Despite the public relations setbacks, Google and Facebook should get credit for attempting to make forays into online realms that scare up all sorts of ethical issues and privacy concerns.
A month after Facebook got pilloried for sharing users' online activities with its network, Google is taking flak for its Reader aggregation application. For the last two weeks, Reader has been linked with the Google Talk instant messaging application to share items to people across both apps.
People quickly objected after they realized co-workers, relatives and friends in their Talk contact lists could see all of the content they've tucked away in Reader.
That is the tricky part of an all-access application such as Talk. I may send my friend a link to a review of a movie I want to see or something I want to buy, but I wouldn't necessarily send the same to my boss. Unless you took the steps to switch off the sharing in Reader, anyone in Talk could see your stuff.
Reader users flamed Google and/or expressed genuine concern: "There should be an 'opt in' option where me and my friend mutually agree that we want to share with each other," wrote Reader user kronicfatigue Dec. 14, just hours after the feature was unveiled. "Otherwise, I'm not going to feel comfortable tagging items."
Google two days ago outlined how to navigate around the sharing process, but it seems like a pain:
People shouldn't be motivated to do something that will keep something unpleasant from happening. That takes the fun out of the service.
People are calling for more granular privacy controls and a Google spokesperson told me the Google engineers are working toward that end. What will these controls be like? Opt-in? If opt-in falls under that category, I'm not sure that is the answer either. Who really opts in unless they see significant value behind it? What is the motivation?
Another granular control might just be to turn it off entirely.
People wanted the same from Beacon and they got it, first with opt-in, and then the ability to turn off activity sharing with friends entirely. What percentage of people is opting in to allow their online transaction stories to be shared with others in the News feed? What percentage is turning it off entirely?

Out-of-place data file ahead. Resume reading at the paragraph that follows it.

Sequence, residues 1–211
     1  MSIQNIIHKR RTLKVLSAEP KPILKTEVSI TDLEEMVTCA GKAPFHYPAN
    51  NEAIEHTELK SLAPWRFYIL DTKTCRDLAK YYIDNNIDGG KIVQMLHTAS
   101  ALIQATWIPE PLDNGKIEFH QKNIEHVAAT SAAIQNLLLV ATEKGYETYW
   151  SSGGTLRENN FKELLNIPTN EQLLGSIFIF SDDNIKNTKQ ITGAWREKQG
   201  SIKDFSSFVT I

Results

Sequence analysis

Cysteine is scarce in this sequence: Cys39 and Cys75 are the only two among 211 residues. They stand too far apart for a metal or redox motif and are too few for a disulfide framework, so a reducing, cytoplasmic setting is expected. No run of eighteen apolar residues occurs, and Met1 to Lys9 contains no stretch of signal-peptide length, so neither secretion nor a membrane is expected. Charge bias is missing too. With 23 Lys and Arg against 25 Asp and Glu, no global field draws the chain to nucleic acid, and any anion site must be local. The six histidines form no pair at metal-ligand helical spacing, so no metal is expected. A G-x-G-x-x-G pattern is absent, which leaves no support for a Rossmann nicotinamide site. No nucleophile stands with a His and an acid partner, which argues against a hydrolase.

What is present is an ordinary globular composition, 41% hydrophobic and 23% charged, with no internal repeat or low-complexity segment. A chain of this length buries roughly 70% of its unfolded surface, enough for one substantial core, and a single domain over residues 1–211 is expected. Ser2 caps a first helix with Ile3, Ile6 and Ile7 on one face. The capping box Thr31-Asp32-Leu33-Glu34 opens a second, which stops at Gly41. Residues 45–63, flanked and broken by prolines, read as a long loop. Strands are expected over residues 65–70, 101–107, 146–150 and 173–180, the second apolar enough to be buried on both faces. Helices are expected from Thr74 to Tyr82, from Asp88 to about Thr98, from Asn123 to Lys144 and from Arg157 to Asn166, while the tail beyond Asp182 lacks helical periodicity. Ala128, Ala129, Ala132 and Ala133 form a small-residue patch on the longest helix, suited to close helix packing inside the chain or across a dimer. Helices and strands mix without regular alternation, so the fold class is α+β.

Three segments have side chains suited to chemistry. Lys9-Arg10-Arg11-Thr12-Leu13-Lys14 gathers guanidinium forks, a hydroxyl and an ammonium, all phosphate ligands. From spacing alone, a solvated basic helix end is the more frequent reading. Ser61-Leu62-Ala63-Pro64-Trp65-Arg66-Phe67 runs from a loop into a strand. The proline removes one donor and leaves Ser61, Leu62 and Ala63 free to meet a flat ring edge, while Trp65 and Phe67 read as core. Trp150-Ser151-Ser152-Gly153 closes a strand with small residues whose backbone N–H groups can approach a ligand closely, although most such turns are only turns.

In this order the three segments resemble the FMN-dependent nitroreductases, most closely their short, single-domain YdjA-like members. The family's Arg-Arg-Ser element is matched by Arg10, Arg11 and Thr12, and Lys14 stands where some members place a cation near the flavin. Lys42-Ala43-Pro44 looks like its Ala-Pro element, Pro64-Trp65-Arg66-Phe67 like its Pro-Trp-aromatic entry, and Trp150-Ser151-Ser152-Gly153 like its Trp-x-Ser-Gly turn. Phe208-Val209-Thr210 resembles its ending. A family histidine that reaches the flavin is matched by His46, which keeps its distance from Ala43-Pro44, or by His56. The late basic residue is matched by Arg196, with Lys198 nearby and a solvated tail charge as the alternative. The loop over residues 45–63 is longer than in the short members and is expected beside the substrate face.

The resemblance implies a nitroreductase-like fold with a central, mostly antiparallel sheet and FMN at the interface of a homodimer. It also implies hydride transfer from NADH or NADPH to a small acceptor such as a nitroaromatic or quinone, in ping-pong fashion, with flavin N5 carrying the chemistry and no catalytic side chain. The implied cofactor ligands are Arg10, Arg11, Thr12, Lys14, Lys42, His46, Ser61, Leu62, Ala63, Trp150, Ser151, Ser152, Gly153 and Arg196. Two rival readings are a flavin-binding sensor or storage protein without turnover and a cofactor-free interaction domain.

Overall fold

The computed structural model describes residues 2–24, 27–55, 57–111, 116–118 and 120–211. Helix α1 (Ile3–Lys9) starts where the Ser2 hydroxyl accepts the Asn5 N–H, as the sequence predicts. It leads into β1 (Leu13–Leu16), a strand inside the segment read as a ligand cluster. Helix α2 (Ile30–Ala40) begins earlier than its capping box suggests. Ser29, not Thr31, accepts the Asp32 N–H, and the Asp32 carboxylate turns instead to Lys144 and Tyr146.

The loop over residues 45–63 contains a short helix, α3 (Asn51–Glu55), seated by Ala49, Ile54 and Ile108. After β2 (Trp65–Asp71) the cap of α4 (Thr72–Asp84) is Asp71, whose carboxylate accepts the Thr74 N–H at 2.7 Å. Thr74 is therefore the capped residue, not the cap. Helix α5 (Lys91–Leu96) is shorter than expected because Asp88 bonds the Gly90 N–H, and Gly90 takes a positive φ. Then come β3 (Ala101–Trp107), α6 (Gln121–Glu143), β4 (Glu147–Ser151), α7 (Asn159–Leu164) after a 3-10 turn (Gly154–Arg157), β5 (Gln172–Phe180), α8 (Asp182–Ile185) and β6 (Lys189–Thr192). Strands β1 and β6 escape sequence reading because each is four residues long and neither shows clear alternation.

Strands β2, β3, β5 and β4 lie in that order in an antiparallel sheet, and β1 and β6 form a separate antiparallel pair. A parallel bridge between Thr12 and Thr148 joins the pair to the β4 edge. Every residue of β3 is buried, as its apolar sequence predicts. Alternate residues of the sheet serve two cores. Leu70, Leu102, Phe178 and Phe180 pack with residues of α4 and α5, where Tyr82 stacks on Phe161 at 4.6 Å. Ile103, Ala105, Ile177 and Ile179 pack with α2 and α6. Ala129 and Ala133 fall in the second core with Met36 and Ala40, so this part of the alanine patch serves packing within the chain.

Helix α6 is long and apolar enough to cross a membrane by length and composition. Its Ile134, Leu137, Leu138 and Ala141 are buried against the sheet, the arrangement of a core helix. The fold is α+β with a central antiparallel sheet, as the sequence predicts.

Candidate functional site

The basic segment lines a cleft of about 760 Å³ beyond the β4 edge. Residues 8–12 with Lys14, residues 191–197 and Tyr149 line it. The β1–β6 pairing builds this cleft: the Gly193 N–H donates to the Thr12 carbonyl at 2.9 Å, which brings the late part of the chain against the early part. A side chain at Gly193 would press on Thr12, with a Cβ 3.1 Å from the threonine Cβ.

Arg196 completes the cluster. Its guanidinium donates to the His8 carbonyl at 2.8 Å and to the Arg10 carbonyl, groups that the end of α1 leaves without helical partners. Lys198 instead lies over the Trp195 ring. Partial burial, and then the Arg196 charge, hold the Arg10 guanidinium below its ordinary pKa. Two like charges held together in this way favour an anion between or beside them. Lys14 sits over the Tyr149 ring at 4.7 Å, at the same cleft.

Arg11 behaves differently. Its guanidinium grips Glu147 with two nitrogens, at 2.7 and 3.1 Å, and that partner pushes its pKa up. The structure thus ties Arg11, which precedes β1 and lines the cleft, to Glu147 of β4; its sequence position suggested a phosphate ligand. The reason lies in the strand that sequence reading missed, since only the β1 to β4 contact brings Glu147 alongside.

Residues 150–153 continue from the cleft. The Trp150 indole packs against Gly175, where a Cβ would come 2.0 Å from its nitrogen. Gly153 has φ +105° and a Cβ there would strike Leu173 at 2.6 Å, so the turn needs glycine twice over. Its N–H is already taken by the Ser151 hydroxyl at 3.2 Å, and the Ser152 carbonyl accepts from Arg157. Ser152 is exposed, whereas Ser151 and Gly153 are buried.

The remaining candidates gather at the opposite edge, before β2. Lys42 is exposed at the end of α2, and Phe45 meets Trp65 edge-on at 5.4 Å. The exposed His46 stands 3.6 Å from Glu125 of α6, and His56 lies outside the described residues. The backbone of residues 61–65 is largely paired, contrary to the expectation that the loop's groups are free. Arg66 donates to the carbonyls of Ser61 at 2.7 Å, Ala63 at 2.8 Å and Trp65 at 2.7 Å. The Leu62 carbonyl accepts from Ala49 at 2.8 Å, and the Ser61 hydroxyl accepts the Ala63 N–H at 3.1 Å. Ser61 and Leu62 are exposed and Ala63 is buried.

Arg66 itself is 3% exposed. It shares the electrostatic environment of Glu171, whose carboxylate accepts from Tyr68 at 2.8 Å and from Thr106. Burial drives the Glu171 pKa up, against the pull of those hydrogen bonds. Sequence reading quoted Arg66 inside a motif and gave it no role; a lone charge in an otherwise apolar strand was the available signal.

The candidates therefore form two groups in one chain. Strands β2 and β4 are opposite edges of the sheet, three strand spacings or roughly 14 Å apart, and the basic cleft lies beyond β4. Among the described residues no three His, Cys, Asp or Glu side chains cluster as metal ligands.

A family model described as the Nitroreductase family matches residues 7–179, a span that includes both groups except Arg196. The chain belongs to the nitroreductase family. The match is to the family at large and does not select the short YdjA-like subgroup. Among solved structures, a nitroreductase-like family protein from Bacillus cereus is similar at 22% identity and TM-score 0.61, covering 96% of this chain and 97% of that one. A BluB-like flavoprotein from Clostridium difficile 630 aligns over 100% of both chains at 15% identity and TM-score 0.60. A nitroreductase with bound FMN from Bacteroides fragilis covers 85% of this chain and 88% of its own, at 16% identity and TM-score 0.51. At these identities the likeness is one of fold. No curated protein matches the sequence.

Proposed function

If 75 percent or more people are shutting it off, then it's a failure. But at least Facebook is pushing the ad revenue-generating envelope for social networks. Google, too, is striving for greater things with Reader, although there really is no money being generated from that in the short term.
It's one thing to fail in creating the technology, and to patch buggy code, but now programmers have to put themselves in the populace's shoes to figure out how to institute something that is both technologically and socially sound. Is it me, or does this task seem herculean?
Reader-Talk is an attempt by Google to break the walled gardens between its software. Facebook was social from the start; Google Reader is knocking from the backdoor. Google is trying to figure out social constructs of applications on its own before it distributes these in OpenSocial, the company's ultimate social destination.
To that end, I asked the Google spokesperson if the company links Reader and its newfangled sharing capabilities to OpenSocial. The answer was a quick "no."
That didn't give me much so I asked if Google had plans to forge such a link. The response was more interesting. After a pause, the spokesperson said, "We don't really have much specific to share in terms of that road map."
The pause is the giveaway. So, believe that Google is working on that, which is why we're seeing the sharing in Reader now. Google is clearly baking the cake at home for the OpenSocial party in 2008.
Speaking of parties and 2008, in case this is my last post of 2007, Happy New Year.